Approximately 100 farmers are expected to benefit directly and another 5,000 indirectly from training to be provided through five Farmer Field-Schools being established in the Upper Rio Minho Watershed area of Clarendon.
Work to design and implement the schools is slated to begin in June, following the $21.7 million contract signing yesterday at that will see the seven-month project being executed by Isratech Jamaica Limited
The contract was signed by officials of the Ministry of Housing, Urban Renewal, Environment and Climate Change and Isratech during a ceremony at Jamaica House.
Under the contract, Isratech will be responsible for, among other things, liaising with the Rural Agricultural and Development Authority (RADA) to identify suitable farmers for training and farms to be utilised for demonstration purposes; conducting field reconnaissance to select the training sites and prepare a logistics plan; building support for incubation/workdays and capacity development for select groups; and conducting community sensitisation and awareness workshops.
The entity has over 35 years of experience in the agricultural sector, specialising in technologies such as drip irrigation, that maximise yields while conserving precious resources.
Portfolio Minister, Pearnel Charles Jr, explained that the Farmer Field-School methodology is a training programme, designed to heighten stakeholder awareness in farming communities.
This, he added, with a view to changing behaviour, so as to achieve sustainable environmental and farming practices.
“The overarching aim is to empower the farmers by providing them with the necessary knowledge and skills which will build resilience to the impacts of climate-related hazards. The farmers will be trained to disseminate their knowledge to other famers in the communities [which is] aimed at improving farming practices,” he said.
Charles emphasised that the project is critical to the Upper Minho Watershed area, which has been categorised as severely degraded by the National Environment and Planning Agency (NEPA) over the years.
This categorisation, he indicated, has resulted from unsustainable farming and land use practices as well as the exploitation of minerals, which have had a deleterious impact on the environment in the area.
In his remarks, Permanent Secretary in the Ministry, Dr Alwin Hales pointed out that the project targets the Bull Head area, which is located within a forest reserve, and is home to approximately 40 mainly farming communities with an estimated population of nearly 70,000 people.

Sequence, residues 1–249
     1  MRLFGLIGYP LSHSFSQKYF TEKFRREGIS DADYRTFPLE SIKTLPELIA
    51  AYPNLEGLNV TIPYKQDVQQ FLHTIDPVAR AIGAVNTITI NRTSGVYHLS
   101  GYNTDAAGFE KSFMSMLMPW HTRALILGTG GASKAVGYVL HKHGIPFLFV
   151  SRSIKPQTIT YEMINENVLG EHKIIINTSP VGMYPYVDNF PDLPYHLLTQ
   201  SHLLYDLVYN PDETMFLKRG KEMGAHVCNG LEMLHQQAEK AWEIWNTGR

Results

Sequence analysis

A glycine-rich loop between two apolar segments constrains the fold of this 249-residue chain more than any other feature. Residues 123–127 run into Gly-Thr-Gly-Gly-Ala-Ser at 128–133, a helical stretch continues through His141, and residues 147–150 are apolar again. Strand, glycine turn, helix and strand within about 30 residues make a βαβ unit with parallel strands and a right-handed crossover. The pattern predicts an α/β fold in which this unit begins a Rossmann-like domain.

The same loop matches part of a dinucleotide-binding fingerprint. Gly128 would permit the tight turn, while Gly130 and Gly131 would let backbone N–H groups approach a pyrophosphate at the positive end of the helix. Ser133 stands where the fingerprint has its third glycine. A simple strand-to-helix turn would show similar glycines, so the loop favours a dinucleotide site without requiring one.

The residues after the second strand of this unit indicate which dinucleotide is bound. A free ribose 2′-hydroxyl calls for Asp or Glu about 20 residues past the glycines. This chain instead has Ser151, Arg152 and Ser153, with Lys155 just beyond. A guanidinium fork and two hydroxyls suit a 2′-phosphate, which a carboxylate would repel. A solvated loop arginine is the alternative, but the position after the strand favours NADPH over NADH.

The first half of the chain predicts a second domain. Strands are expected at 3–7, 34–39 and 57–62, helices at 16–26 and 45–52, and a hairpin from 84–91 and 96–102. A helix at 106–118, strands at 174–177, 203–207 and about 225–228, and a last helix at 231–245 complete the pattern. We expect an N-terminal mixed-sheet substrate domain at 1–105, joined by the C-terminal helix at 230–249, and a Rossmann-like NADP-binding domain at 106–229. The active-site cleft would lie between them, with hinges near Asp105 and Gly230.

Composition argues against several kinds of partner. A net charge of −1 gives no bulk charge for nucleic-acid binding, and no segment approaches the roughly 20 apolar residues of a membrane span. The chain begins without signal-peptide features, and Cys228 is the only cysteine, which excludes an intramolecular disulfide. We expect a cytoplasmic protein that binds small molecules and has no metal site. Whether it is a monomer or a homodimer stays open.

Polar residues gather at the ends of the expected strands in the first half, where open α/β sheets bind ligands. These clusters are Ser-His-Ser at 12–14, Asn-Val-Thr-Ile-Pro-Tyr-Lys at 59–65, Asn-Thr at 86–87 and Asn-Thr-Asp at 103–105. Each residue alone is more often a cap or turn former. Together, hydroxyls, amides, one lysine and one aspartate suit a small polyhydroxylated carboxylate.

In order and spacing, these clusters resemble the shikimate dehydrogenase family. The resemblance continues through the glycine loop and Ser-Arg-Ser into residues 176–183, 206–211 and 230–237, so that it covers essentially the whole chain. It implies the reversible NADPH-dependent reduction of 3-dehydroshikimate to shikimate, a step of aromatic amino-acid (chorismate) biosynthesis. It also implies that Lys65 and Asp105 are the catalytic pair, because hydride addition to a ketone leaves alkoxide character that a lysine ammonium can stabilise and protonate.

“The Farmer Field-Schools will, in no small measure, increase the ability of the targeted communities to improve their resilience to climate change impacts in terms of water and land management, as well as build institutional capacity and best practices,” he said.
Dr Hales noted that among the expected outcomes of the initiative are enhanced capacity to protect livelihoods and food security in the communities, and improved local capacity for sustainable management of natural resources and disaster risk reduction in the targeted areas.
For his part, Isratech’s Deputy Chief Executive Officer (CEO), Benjamin Hodara, said his company was grateful for “the opportunity to be a part of this noble initiative”.
He noted that empowering farmers by equipping them with the tools and knowledge of proper agronomic practices “is a strong step in the right direction” towards the important goal of building climate resilience in Jamaica.
“We are certain that the completion of the Farmer Field-School Programme… will lead to a great improvement in agricultural practices across the island for generations to come,” Hodara said.
RADA’s Senior Director for Technology, Training and Technical Information, Winston Shaw, said the initiative is important as the Government seeks to continue building farmers’ capacity and resilience against the ever-changing variabilities in climate.
The Farmer Field-Schools initiative falls under the Adaptation Programme and Financing Mechanism for the Pilot Programme for Climate Resilience (AP and FM-PPCR).
The programme was developed by the Government of Jamaica and the Inter-American Development Bank (IDB) as part of the country’s Strategic Programme for Climate Resilience with the overall goal of increasing Jamaica’s resilience to climate change.
The AP and FM-PPCR was previously implemented by the Ministry of Economic Growth and Job Creation and is now being spearheaded by the Ministry of Housing, Urban Renewal, Environment and Climate Change.